And that's what happens in this book for Sarah and Linda, when ten black high school students become the first to enter a white high school in 1959 Virginia, four years after the passing of "Brown vs. the Board of Education."

Look, this book is emotionally brutal. But it's important. I've read about Desegregation before and learned the facts in a 'This is What Happened' sort of way, but I never before thought about what any of it meant for the actual people experiencing it, or what it meant about the people tormenting them. The very first chapter of this book features the black students entering the school for the first time, and immediately Talley writes it so that you feel what they feel, as they are mobbed by angry white people, screaming at them, throwing things, calling them horrible names and chanting, and generally acting like they aren't even human. It made me sick. And so angry. And ashamed for the human race that people could act so full of ignorance, stupidity, violence and hatred. And it only got worse from there. We are terrible and we deserve nothing.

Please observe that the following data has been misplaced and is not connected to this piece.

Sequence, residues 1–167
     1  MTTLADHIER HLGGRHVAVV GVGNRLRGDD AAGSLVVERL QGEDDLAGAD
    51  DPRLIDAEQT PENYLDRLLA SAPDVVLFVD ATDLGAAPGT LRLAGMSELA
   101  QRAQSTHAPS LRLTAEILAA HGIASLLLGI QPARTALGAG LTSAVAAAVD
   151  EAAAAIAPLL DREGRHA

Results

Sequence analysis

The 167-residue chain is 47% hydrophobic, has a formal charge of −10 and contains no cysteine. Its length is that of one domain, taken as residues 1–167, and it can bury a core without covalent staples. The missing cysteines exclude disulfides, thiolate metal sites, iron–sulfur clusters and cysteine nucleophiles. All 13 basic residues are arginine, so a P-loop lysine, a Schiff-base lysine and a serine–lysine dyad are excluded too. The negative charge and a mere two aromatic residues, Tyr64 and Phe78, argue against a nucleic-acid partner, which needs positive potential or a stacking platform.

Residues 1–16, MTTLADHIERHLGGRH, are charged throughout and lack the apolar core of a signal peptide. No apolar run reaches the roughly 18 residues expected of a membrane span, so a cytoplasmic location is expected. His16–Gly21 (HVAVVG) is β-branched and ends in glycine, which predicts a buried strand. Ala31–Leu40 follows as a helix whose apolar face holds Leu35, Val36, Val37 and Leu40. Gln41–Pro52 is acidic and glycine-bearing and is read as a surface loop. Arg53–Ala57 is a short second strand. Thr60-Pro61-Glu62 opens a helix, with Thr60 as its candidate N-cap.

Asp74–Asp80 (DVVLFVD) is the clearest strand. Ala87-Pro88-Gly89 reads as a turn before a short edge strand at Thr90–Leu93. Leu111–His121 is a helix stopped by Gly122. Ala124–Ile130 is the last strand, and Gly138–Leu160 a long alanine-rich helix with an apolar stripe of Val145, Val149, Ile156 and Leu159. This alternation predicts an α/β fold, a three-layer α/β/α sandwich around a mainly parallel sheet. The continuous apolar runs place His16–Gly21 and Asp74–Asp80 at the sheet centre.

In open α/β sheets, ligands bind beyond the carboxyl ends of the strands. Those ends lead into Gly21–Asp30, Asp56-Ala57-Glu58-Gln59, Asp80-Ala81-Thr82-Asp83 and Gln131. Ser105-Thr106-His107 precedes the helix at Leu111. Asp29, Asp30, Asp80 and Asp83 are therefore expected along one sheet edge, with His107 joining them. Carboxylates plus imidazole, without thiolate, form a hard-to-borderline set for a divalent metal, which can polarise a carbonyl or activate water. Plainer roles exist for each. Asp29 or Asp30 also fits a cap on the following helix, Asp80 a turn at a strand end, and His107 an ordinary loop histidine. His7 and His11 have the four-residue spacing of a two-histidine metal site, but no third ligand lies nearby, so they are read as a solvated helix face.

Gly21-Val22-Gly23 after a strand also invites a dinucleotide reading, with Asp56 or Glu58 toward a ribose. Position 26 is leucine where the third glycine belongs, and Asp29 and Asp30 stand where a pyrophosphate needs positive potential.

But in the midst of this is brave Sarah, a high school senior determined to stick it out and do her part for the cause, because her parents have asked her to. And in the midst of this is Linda, the daughter of a prominent segregationist, whose world is completely shaken at its core by the experience of knowing a black person first as a human being and not as a piece of propaganda.

And then of course, the thing the marketing of this book sort of goes out of its way to hide, that this is a love story between two girls living in a place where it's not okay for them to even be friends, let alone in love with one another. And they are both sooooo confused. About everything. The emotional journey of this book is just lovely.

And of course it's great as a piece of historical fiction as well. The way that Talley integrates (pun initially unintended, but I'm totally going with it now) talk about identity and desegregation and rethinking the things you know, it just all *works*. The only complaint I really have about the whole thing is that Linda's initial change of heart felt a little too fast for me in the beginning, but I think even that complaint is irrelevant at the end, because Talley certainly spends enough time letting her sort things through for it to be believable by the end.